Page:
|Signs of financial abuse include:|
|Unauthorized charges on an elder's ATM or credit card.|
|Discovery of forged signatures|
|Sudden changes in legal documents such as a will|
|Additional names on an elder's bank card|
|Unpaid bills despite adequate funds being available|
|Withdrawal of large sums of money|
According to the National Center on Elder Abuse (NCEA), recognizing and halting neglect is the first step to preventing abuse. In addition to looking for the signs listed above, several risk factors make a senior vulnerable. These risks are put into three big categories: facility, resident and relationship.
The No. 1 cause of abuse in nursing homes is poor staffing. High turnover, poor training and an overworked staff leads to greater risks for residents. When picking a nursing home, talk to the staff and look into a facility’s credentials to help determine whether a facility is adequately staffed.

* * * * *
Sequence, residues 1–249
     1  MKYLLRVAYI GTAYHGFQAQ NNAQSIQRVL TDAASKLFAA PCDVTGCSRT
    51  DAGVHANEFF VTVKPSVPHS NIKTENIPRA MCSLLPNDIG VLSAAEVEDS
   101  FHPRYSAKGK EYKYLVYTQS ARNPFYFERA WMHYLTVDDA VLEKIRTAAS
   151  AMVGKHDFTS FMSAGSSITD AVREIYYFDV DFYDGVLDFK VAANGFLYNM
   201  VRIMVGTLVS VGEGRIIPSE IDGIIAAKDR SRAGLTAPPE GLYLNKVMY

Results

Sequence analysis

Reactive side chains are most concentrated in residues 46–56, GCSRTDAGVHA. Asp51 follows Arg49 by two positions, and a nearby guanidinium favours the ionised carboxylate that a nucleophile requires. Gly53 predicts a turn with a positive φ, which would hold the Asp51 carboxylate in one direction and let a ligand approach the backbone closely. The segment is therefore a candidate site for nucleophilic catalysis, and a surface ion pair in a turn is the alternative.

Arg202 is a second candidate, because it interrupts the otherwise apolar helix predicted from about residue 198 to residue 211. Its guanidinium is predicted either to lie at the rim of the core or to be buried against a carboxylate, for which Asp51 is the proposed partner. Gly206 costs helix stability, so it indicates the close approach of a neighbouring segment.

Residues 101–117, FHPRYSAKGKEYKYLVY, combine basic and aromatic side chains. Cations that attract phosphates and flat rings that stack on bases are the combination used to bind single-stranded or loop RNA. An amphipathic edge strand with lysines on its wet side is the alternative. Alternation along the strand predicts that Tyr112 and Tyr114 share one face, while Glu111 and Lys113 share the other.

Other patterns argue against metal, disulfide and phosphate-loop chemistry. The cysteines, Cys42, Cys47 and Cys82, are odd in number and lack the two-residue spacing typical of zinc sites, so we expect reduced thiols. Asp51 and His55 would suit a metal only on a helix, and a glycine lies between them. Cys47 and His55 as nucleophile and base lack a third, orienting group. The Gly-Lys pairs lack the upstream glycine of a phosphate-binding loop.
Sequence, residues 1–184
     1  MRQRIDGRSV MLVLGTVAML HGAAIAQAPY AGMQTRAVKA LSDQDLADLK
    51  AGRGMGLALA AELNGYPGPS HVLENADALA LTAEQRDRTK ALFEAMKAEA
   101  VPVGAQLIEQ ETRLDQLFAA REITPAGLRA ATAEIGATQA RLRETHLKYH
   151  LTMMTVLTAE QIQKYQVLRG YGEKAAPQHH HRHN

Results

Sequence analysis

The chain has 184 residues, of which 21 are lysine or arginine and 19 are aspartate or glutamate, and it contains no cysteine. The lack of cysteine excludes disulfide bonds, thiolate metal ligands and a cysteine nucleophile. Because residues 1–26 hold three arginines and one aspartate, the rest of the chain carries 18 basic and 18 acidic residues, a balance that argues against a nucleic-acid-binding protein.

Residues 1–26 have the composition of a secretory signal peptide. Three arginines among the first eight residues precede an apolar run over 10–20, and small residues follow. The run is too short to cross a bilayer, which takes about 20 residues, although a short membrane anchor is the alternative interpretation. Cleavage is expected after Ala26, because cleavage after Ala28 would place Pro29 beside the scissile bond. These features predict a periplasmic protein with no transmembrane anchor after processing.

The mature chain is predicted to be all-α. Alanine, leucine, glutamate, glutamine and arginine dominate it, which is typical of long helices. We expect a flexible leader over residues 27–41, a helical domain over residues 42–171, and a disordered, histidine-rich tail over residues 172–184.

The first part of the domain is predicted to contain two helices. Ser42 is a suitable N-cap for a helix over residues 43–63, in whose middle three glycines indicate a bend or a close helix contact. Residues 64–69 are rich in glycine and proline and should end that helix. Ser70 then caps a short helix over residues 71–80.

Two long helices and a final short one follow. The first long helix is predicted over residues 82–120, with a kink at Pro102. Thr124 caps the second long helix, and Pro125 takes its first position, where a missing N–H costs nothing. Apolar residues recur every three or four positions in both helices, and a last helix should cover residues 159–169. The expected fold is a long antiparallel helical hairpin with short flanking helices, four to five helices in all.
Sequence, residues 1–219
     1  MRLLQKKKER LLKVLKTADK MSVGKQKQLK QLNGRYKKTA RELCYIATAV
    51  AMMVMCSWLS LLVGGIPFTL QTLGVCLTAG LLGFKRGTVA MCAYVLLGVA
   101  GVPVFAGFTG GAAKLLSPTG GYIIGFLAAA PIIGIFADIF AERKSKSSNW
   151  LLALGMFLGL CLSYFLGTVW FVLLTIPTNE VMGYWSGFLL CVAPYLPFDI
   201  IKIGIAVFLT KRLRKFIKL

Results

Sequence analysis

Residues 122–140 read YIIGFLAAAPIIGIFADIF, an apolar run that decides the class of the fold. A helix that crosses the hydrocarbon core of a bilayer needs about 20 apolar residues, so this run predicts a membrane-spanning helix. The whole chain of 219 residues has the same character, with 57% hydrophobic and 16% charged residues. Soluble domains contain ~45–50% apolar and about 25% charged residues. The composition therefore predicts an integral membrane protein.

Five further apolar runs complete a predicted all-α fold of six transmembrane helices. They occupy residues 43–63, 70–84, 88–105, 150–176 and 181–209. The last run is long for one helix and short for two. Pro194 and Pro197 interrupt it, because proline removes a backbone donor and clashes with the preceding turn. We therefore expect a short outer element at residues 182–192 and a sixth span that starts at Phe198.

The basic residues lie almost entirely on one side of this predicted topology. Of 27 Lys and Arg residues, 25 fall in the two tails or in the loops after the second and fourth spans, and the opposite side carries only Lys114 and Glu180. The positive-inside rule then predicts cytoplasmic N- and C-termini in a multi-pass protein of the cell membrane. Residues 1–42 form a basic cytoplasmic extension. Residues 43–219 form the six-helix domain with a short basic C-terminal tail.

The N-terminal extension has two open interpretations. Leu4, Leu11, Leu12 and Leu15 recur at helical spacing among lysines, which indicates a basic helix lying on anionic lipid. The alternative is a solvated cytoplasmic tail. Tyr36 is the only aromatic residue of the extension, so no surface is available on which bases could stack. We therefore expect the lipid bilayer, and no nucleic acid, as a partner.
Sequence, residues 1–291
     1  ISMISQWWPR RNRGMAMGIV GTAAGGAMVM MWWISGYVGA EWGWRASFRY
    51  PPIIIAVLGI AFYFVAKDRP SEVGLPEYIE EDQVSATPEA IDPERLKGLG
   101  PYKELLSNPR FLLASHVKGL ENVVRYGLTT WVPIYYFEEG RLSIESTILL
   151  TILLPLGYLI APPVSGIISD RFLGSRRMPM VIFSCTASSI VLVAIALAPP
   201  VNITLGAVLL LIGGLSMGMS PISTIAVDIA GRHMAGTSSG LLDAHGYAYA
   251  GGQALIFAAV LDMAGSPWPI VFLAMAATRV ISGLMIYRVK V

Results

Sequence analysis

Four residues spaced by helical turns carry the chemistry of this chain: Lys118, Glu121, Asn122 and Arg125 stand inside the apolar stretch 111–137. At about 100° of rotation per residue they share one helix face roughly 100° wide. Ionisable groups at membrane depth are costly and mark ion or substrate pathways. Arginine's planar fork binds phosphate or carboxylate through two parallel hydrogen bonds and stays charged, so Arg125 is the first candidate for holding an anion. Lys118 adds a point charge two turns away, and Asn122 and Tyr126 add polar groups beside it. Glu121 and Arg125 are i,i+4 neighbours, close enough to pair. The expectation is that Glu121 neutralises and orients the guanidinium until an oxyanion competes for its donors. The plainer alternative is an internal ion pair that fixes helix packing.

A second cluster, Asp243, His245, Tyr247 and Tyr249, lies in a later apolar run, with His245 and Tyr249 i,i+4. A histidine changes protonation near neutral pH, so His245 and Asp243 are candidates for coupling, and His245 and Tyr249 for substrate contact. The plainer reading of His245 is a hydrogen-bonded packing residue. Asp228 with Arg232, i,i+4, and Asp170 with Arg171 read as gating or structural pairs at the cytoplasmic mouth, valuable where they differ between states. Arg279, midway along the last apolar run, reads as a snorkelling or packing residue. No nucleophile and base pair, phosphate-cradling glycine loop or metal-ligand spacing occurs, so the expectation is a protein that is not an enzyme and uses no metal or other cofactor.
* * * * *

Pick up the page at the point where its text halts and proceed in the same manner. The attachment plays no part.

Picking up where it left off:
Sadly, the more dependent a resident is on the staff, the more likely they are to be abused. Mental or physical impairment makes seniors an easier target for mistreatment or neglect.
Another important factor in preventing abuse is making sure to visit a family member in the nursing home as often as possible. It's also possible for family members to become too involved and actually interfere in the caregiving process.
Ideally, nursing homes should take these risks into account and be more proactive in preventing mistreatment of their residents. However, sometimes it is up to the family member to be vigilant and watch for the signs.